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Sayed Kashua, a Palestinian born and raised in Israel, has a lot to say about the importance of stories and the written word. His latest book to be translated into English is a collection of weekly columns that first appeared in Haaretz newspaper. They’ve been translated by Ralph Mandel into a collection called Native. Host Marcela Sulak reads from the final essay in the collection, in which Kashua contemplates his past as the family prepares to move from Israel to the US.

“Don’t come in,” my daughter shouted angrily when I knocked at her door.

I went in anyway. I sat down next to her on the bed and despite her back turned to me, I knew she was listening. “You hear?” I said before I repeated to her exactly the same sentence my father said to me when he left me at the entrance to the best school in the country twenty-five years ago. “Remember, whatever you do in life, for them you will always, but always, be an Arab. Do you understand?”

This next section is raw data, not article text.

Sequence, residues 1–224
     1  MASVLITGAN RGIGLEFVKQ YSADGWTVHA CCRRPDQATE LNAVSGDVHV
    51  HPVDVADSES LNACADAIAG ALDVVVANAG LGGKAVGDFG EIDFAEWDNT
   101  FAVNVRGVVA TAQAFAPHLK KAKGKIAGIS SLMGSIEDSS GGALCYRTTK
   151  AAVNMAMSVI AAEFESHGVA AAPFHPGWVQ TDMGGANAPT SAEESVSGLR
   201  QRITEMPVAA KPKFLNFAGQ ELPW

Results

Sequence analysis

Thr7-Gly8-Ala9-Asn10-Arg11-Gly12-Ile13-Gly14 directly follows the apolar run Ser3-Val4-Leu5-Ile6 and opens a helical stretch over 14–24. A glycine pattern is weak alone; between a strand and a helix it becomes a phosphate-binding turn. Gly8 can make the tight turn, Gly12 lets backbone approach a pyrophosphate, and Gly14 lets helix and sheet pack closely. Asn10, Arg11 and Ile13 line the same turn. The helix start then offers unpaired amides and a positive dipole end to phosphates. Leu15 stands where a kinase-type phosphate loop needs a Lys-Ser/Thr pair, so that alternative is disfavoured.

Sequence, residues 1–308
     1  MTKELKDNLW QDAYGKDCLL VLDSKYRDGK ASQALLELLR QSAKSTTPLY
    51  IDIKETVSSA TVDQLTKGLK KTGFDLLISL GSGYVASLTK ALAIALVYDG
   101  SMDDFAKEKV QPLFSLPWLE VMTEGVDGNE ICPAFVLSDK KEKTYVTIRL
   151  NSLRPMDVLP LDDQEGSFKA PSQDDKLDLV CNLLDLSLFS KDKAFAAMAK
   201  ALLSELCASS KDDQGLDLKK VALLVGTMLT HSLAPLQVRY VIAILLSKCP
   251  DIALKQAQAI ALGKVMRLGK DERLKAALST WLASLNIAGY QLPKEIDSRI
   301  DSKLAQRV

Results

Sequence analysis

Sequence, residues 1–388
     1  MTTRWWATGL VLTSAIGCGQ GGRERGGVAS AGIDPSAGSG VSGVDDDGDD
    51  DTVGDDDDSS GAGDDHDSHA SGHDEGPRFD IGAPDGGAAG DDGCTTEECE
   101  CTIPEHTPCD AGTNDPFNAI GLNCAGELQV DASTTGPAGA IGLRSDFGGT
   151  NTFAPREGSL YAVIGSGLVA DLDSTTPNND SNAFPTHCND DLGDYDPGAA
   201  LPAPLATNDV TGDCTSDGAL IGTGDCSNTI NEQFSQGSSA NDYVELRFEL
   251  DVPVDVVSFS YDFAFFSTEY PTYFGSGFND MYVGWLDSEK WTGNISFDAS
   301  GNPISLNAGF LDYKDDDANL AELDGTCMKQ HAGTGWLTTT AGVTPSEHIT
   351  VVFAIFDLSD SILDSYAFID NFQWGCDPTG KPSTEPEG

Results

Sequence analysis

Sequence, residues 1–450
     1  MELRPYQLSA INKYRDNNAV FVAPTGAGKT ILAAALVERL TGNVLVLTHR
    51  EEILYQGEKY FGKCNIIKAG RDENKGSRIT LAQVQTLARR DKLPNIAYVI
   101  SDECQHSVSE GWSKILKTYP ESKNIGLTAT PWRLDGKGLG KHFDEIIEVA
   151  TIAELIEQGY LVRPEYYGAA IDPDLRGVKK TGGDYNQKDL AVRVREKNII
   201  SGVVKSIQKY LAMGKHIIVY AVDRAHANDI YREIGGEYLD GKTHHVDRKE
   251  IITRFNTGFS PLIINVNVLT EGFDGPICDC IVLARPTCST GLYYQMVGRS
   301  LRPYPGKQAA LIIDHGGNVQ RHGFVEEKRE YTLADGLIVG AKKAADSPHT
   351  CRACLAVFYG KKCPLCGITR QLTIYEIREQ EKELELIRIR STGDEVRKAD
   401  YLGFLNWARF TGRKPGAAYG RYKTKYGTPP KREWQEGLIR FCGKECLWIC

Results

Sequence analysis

Kashua spent last year teaching in Chicago, and it’s possible that his move to the US will be permanent. Hear more about him in this previous episode of Israel in Translation.

Sayed Kashua, Native: Dispatches from an Israeli-Palestinian Life. Translated by Ralph Mandel. New York: Grove Press, 2016.

Further reading:
Let it Be Morning
Second Person Singular
Dancing Arabs

Dudi Levi – Mahar Ani Ozev
Mira Awad – Yousef (by Mahmoud Darwish)
Mira Awad – Olakatuna (by Mahmoud Darwish)
Amal Murkus – On This Earth (by Mahmoud Darwish)

Producer: Laragh Widdess
Technical producer: Alex Benish

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